Top 10 things other drivers do that annoy you.
I know, it sounds like some lame morning-radio call-in, but Hagerty Insurance, the excellent collector car-insurance firm, just released a survey to that effect. You can see the whole list here
, but I have a simpler one: The Big Three that make my blood boil.
1. Tailgating. You may as well just flip me off and hold it there. Tailgating is an outrage, and my sole response to it is to gradually, immutably slow down until you are completely out of your mind with foaming, spitting rage. Save yourself the aggravation. Go around.
2. Talking on the phone. I'm a convert on this one. And while I do it myself, I really have pared it down to short goal-oriented calls, not entertainment talk. So I am highly annoyed by other drivers who you can just tell are yakking to kill time while they drive:
"Hey, what are you doing?" Arrgghh.
"Nothing, what are you doing?"
"Oh, just stuck in traffic, you know."
"Yeah, that's a bummer. What else is going on?"
3. Road rage. All the previous notwithstanding, anyone who makes a huge scene on the road is a confirmed moron.
3a (bonus round). Abused cars. I cannot comprehend someone driving a $65,000 car so new that it still wears temporary tags, yet it's already dented and has a deep black coating of front-wheel-brake dust that proves it has never been washed. We see a lot of this in San Francisco, where affluent people are conflicted; they want to drive a fancy car to impress their friends, but they also want to be considered cool by the counterculturists who dictate pop sensibilities here. Look, it's always cool to take care of your car.
CAFE will climb but not really. The Corporate Average Fuel Economy regulation, or CAFE, is a number each carmaker must hit when they average together the miles-per-gallon ratings of all cars they sell in a given year. That number must be at least 27.5mpg--a standard that has been in place for 21 years. It will probably be raised soon but by a paltry 10 percent to 30.25mpg, starting in the model-year 2009-2010. But even that won't be any real improvement, since carmakers already deliver an industry average of 29mpg. Oh, and if you're impressed that even with all those SUVs on the road, we still average 29mpg, don't be--that number doesn't count pickups, SUVs, and light trucks, which have always been given a pass to be pigs.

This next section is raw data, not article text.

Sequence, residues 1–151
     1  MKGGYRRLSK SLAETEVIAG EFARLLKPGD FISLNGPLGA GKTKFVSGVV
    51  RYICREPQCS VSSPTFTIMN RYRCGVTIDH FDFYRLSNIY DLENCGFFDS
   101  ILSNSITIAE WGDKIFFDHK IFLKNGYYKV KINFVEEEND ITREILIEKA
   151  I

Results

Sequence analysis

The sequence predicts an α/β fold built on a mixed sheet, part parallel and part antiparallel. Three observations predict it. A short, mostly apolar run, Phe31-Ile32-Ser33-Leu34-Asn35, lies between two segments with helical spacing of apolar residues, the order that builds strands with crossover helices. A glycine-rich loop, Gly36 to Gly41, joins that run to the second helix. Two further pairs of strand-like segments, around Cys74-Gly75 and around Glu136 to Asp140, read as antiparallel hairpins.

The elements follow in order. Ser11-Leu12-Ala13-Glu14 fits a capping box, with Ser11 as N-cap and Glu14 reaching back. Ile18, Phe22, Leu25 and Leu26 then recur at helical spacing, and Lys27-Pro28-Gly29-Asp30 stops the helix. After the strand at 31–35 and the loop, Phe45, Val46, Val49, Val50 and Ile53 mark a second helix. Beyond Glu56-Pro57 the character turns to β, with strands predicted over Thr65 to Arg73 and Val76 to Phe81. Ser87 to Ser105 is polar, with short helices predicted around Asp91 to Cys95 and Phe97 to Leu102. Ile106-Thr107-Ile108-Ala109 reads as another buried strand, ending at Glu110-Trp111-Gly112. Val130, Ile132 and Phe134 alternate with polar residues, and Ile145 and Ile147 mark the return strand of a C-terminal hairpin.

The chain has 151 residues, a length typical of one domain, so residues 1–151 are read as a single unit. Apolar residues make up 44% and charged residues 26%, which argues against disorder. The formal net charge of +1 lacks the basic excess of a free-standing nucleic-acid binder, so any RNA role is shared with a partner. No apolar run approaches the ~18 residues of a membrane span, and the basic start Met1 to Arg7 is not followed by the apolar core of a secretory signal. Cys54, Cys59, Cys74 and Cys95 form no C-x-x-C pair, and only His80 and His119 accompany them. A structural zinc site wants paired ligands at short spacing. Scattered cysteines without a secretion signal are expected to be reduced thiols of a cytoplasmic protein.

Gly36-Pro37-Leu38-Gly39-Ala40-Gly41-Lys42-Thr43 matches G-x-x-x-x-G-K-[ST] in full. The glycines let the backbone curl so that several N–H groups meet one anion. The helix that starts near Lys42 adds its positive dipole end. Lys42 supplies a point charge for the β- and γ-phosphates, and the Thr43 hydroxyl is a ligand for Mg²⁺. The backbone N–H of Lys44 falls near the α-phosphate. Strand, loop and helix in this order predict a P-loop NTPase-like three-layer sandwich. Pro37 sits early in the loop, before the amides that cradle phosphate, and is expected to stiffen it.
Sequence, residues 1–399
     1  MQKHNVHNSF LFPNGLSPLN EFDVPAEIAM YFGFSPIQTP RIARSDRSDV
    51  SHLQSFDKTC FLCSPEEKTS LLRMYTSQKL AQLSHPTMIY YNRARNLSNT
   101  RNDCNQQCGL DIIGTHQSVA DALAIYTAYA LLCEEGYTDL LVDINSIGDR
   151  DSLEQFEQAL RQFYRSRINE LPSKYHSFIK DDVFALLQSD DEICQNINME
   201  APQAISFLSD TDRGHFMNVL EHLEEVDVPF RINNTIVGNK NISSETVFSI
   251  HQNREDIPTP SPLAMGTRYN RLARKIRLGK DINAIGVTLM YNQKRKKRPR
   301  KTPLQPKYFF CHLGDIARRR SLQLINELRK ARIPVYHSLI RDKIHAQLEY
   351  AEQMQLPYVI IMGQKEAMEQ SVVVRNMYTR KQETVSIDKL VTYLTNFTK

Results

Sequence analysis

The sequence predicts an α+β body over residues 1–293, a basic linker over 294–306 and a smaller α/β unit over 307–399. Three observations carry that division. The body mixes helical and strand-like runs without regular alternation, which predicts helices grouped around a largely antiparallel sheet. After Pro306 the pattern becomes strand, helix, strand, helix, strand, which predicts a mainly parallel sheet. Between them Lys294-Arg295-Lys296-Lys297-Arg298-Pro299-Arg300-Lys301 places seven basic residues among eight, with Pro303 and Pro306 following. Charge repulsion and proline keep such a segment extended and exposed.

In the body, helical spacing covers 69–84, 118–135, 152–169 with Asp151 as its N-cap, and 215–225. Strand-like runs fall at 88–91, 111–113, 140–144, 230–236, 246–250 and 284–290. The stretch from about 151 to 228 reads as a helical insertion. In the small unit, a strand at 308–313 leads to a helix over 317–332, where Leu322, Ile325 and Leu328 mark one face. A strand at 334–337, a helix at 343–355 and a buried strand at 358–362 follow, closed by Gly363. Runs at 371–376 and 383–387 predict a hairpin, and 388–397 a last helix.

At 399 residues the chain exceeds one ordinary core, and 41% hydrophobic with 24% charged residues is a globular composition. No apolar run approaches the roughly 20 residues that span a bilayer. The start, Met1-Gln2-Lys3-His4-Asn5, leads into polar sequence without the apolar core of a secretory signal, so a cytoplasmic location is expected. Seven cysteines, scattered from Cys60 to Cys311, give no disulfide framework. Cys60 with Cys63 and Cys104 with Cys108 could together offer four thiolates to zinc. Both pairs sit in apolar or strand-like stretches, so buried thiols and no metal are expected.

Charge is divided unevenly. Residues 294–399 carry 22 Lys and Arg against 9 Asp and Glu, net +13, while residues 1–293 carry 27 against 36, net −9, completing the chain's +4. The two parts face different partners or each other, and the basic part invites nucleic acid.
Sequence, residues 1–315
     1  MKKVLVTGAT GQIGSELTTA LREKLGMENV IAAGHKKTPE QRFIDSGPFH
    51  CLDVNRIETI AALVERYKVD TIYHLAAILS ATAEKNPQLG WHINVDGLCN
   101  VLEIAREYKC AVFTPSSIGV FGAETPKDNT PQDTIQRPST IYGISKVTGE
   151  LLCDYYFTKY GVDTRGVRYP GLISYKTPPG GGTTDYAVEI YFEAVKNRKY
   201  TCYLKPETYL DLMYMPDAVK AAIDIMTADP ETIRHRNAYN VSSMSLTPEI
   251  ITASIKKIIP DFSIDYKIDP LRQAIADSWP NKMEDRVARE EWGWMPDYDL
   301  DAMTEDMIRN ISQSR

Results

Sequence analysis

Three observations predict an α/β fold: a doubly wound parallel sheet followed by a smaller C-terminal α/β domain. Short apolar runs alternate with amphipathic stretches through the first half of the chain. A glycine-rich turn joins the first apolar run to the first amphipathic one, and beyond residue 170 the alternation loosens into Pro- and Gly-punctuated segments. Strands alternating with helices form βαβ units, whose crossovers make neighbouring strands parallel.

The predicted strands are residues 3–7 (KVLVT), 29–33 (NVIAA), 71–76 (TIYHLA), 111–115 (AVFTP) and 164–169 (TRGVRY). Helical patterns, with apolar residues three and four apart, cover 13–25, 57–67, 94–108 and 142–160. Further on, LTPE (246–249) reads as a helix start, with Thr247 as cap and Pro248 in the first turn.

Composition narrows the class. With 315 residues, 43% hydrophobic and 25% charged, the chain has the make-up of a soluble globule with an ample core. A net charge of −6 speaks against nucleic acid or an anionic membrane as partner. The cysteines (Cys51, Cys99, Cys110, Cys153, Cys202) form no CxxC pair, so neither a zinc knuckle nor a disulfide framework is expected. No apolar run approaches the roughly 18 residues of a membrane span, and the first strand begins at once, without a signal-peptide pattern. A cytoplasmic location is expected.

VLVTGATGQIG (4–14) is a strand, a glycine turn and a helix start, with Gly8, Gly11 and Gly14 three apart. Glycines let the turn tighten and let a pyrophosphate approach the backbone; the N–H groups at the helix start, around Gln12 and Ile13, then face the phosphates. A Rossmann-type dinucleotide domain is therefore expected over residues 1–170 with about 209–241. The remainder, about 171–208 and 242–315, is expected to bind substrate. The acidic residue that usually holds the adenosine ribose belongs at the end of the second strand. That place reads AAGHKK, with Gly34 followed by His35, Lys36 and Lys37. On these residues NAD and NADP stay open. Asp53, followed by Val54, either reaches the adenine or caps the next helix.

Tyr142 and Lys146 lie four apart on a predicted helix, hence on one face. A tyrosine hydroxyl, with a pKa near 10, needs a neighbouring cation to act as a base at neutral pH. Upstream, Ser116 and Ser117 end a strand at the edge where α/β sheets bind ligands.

Pioneer joins the portable GPS fray. Its new AVIC-S1 is a portable GPS nav device that enters a market ripe for a shakeout. There are actually too many really good handheld nav devices on the market now for all of them to succeed. The Pioneer AVIC-S1 may survive, since it makes nice use of Bluetooth; you can dial any point of interest on the map via your cell with a click. I guess that's exciting. It also has a particularly handsome design. The list price will be $599 when it arrives next month.
What annoys you the most about other drivers on the road?
Another good reason to be nervous about a used car. I'm one of those people who keeps his car pretty much showroom clean. Maybe I'm weird, but you'll never get into my car and see food wrappers, drink cups, old newspapers, or anything else that wasn't put there by the factory. Well, it looks like old Felix Unger here was on the right track all along. GM just issued an odd press release, warning that car interiors are a virtual petri dish for molds and bacteria because of all those nooks where spilled stuff can ferment, coupled with the low volume of fresh air inside a car.
Taking the car out of car tech. I admit this at the risk of unemploying myself (which would cause no small delight among a portion of you), but a fair amount of what we consider car tech today may be a dead end. Applications such as navigation, communication, music, and video may be best handled by a smart phone or other portable in the near future, not by an in-dash device. Carmakers aren't good at that stuff anyway--nobody looks to factory equipment as the paragon of audio, video, or navigation technology. And factory gear is bolted into a car, which for most of us is a place we occupy for a short time each day before we leave all the tech locked up in a cold garage for the day. It makes no sense. The car should have only an amp, speakers, a dumb monitor, and wireless connectivity to make those things slaves to our portables.